Of course being freelancers they might find it financially off-putting / generally offensive to attend an assessment centre for up to a day when they’ve only got a 1 in 20 or so chance of getting the contract. So either the opportunity has to be particularly attractive, or else you might consider making a token payment of, say, £100 per attendee.

    Hope that helps. Feel free to use the assessment centres resources we’ve published at this link:

  9. Don’t forget equality and diversity
    Whichever way you recruit, make sure you have clear criteria against which you’re judging people, otherwise you could end up facing accusations of discrimination.

    Apart from any possible legal consequences, the risk of recruiting by word of mouth is you end up with people from similar backgrounds, who all think alike – a recipe for business stagnation.

  10. Not as open as they appear
    >>>>Of course being freelancers they might find it financially off-putting / generally offensive to attend an assessment centre for up to a day when they’ve only got a 1 in 20 or so chance of getting the contract>>>

    This is true you might also like to consider the fact that many of these organisations charge the freelancer a fee for membership. The freelancer is therefore paying a closed network to hear about job opportunities. Normal recruitment agencies dont do this – they question arising is should the candidate pay to hear about vacancies and are you tacitly supporting this?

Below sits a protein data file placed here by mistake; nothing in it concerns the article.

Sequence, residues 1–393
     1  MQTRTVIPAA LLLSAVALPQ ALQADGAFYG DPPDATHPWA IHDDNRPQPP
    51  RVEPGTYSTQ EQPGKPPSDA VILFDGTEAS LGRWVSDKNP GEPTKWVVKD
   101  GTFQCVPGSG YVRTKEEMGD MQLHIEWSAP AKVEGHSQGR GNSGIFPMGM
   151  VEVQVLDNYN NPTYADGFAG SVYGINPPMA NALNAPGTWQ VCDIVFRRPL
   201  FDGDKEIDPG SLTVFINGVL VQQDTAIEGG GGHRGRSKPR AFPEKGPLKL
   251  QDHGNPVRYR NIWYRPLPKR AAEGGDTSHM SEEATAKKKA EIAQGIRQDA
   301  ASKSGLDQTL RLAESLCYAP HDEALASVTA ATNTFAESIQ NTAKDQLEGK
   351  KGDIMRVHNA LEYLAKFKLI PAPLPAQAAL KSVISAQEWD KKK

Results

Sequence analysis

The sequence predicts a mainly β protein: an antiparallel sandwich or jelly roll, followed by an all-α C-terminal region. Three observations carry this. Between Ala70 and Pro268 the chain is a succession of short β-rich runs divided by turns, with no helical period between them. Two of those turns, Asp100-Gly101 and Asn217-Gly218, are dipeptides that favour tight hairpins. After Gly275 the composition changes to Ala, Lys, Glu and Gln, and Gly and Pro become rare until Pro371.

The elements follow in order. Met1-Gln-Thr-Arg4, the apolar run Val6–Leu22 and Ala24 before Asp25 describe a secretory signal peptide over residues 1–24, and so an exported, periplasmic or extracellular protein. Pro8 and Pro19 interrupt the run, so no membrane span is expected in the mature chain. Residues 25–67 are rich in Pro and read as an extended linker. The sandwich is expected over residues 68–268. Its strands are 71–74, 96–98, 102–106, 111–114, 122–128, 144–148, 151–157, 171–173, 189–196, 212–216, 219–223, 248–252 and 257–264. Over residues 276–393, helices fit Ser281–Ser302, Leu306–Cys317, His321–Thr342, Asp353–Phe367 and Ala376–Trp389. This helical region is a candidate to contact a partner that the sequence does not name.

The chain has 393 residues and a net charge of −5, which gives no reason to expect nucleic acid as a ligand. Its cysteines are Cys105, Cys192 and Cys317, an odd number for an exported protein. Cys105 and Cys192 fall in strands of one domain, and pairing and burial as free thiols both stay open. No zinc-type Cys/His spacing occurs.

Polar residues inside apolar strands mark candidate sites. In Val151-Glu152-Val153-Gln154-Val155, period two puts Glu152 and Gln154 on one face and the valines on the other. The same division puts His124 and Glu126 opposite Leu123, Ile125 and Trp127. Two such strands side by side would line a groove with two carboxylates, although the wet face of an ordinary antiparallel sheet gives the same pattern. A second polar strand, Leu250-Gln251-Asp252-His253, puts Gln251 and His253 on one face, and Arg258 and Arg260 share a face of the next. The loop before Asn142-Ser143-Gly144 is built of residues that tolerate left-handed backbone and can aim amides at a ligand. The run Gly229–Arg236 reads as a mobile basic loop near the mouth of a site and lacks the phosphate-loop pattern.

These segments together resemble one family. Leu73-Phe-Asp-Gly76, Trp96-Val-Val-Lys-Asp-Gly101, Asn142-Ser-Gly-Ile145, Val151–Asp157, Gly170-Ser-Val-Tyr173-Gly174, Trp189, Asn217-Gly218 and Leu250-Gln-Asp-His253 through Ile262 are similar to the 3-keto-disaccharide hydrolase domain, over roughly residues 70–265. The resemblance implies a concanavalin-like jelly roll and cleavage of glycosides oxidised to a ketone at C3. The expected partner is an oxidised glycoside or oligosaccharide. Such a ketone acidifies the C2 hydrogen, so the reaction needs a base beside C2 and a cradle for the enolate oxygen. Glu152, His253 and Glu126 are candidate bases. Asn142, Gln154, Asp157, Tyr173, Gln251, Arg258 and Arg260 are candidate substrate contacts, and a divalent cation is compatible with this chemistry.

Certainly there are many aspects of business ethics to consider.

  11. Freelance Recruitment
    Mmmm Cant help but feel a little bit of power crazy and carrot dangling going on.

    Interveiwing potential employees of whatever ilk is hard enough. However to expect freelance trainers to provide a course day free of charge is like taking a days profit from you. Ask the question would you work for nothing?? I know the answer would be NO. I feel word of mouth, CV’s and, as one person has suggested, attending one of their courses ‘free of charge’ is a much fairer alternative. You as a recruiter can drop any freelancer for whatever reason whenever you like. In my experience this is due to the reluctance to guaruntee work or contract for longer than a month.

    Think about exactly what you require and then send the feelers out. You will be amazed at what comes back. In short HALF YOUR WORK DONE FOR YOU FREE OF CHARGE!!